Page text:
Apotex Inc v Astrazeneca Canada Inc, 2017 FCA 9
Patents that are subject to the old Patent Act may have provincial limitation periods applicable to them if all elements of the cause of action are within a province.
In this case, the Federal Court of Appeal (“FCA”) affirmed the Federal Court’s (“FC”) decision that AstraZeneca Canada Inc.’s (“AstraZeneca”) patent, Canadian Patent No. 1,292,693 (“the ‘693 Patent”), was valid and infringed, accepted Apotex Inc.’s (“Apotex”) appeal with respects to limitation periods, and rejected AstraZeneca’s cross-appeal regarding punitive damages. 
The ‘693 Patent pertains to pharmaceutical preparations containing omeprazole, a drug that is used in the treatment of gastrointestinal diseases and was commercialized by AstraZeneca under the brand name LOSEC. [3, 13] Apotex thought it had succeeded in finding a way to work around the ‘693 Patent by using a different process than was covered in the claims and obtained a Notice of Compliance (“NOC”) allowing it to sell its own omeprazole product. [13, 16] The issues to be decided in this case were (1) whether the FC erred in construing the ‘693 Patent, and if so, then erred in finding infringement, (2) whether the FC erred in finding the ‘693 Patent was valid, (3) whether the FC erred in concluding that a six-year limitation period applied to all of the infringing activities, and (4) whether the FC erred in declining to award punitive damages to AstraZeneca. [25, 26]
FC Claims Construction Found to be Correct
Apotex alleged that the FC adopted a fettered, results-oriented construction.  The FCA noted that the issue of construction of the patent is to be reviewed on the correctness standard and therefore performed its own analysis.  The FCA then stated that it is trite law that a court will consider disclosure when it construes the claims, however, the disclosure cannot be use to enlarge or contract the scope of the claim as written and thus understood.  The FCA concluded that the FC was correct in its construction and therefore its finding of infringement should stand.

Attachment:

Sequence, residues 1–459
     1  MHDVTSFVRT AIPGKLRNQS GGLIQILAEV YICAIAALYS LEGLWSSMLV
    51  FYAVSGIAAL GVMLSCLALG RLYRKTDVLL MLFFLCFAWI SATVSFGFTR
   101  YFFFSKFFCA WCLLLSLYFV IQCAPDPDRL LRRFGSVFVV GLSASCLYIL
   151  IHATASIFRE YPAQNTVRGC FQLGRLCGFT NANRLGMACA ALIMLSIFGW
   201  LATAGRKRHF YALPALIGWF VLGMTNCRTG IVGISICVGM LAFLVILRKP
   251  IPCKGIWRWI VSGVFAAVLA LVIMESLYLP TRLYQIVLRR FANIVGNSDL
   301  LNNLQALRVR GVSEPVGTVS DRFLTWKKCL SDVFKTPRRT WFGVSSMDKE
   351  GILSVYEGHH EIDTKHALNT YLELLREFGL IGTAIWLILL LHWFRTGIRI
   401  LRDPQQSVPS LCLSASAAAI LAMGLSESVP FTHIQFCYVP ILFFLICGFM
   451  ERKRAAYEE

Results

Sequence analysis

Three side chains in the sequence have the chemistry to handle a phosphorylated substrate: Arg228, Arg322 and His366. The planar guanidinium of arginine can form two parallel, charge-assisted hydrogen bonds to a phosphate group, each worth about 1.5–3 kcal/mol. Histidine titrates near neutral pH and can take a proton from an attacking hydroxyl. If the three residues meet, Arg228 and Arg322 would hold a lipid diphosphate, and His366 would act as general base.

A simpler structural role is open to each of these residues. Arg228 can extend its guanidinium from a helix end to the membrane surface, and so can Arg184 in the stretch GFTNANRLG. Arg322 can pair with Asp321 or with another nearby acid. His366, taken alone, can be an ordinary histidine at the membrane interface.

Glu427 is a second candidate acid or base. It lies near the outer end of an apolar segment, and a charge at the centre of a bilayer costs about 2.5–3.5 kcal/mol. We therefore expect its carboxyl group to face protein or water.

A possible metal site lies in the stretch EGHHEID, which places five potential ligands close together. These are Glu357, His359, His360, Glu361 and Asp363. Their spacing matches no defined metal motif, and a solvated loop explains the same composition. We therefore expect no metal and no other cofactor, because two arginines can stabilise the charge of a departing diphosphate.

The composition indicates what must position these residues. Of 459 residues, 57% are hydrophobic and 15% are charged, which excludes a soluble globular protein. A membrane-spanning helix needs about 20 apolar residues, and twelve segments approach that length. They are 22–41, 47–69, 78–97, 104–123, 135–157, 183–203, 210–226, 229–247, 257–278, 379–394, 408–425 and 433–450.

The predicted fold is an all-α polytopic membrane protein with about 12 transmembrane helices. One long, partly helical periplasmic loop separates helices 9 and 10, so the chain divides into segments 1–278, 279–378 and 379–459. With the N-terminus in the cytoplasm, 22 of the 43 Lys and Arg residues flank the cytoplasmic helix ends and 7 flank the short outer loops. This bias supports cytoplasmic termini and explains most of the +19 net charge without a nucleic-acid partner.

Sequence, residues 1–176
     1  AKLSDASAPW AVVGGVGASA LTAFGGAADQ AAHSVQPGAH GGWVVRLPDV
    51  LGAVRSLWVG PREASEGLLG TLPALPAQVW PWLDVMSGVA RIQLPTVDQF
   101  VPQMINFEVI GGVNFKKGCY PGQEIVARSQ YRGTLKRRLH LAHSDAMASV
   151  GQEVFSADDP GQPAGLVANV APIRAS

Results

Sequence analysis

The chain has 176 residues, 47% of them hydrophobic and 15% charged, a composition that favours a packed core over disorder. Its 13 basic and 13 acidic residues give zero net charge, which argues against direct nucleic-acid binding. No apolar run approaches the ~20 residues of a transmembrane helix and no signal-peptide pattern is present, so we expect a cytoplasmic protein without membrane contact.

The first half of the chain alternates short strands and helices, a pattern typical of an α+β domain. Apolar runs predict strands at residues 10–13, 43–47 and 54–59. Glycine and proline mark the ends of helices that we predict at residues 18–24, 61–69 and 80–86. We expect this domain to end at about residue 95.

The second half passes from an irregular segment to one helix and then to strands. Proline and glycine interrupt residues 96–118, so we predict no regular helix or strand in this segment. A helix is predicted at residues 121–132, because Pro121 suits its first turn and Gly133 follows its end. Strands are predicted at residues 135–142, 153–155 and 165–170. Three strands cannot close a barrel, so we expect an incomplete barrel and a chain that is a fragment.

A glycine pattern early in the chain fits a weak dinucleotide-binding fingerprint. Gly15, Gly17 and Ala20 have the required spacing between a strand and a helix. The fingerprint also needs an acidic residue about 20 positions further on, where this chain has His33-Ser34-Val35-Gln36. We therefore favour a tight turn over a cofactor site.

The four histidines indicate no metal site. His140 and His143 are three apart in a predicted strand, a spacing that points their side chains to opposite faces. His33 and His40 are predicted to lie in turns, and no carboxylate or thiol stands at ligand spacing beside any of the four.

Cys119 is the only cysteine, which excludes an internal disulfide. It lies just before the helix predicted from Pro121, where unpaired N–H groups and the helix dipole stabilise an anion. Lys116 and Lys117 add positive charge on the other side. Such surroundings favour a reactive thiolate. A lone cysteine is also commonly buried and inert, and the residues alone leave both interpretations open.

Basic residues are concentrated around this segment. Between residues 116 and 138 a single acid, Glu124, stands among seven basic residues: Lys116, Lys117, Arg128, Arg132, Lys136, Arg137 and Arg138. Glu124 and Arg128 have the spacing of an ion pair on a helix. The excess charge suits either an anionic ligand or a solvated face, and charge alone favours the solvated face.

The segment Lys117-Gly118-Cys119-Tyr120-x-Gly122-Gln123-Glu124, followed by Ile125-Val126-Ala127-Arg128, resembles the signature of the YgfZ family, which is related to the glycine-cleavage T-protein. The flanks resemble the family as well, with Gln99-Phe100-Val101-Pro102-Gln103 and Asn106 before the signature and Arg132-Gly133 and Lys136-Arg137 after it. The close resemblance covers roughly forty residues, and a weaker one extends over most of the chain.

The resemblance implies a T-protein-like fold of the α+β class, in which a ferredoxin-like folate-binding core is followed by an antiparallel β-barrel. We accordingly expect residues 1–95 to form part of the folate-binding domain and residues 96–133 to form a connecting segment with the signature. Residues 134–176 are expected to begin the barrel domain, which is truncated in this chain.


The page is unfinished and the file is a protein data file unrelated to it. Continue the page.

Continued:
Invalidity Allegations Rejected
The FCA rejected Apotex’s overlapping allegations of insufficiency of disclosure, overbreadth and ambiguity, all of which pertained to a preparation including a layer made in situ. [76, 79, 92] In regards to sufficiency, the FCA found that an inventor is only required to disclose one method or process for making the invention.  While the process disclosed in the ‘693 Patent does not involve a layer made in situ, it nonetheless enables a person skilled in the art to practice the invention as described.  The FCA also rejected Apotex’s allegations of inutility, finding that a formulation meeting the essential elements of the claims would be expected to provide good gastric acid resistance and long-term storage stability. 
Apotex alleged that the FC was incorrect in applying a six-year limitation period to all acts of infringement.  The FCA found that the FC erred in precluding the possibility that provincial limitation periods might apply to specific acts of infringement where all elements of the cause of action occurred within that province. [114, 118] The FCA highlighted that as the six-year limitation period applicable to all acts of infringement has now been included in the Patent Act for over 20 years, the issue of provincial limitation periods only applies in cases involving patents subject to the old Patent Act. 
Cross-Appeal: Punitive Damages Not Awarded
AstraZeneca sought punitive damages or solicitor/client costs, or both, on the basis that Apotex had been deceptive in the context of the settlement obtained in earlier NOC proceedings involving the ‘693 Patent.  The FCA was not persuaded that the FC misconstrued the law or made a palpable and overriding error in assessing the facts, and therefore rejected AstraZeneca’s cross-appeal.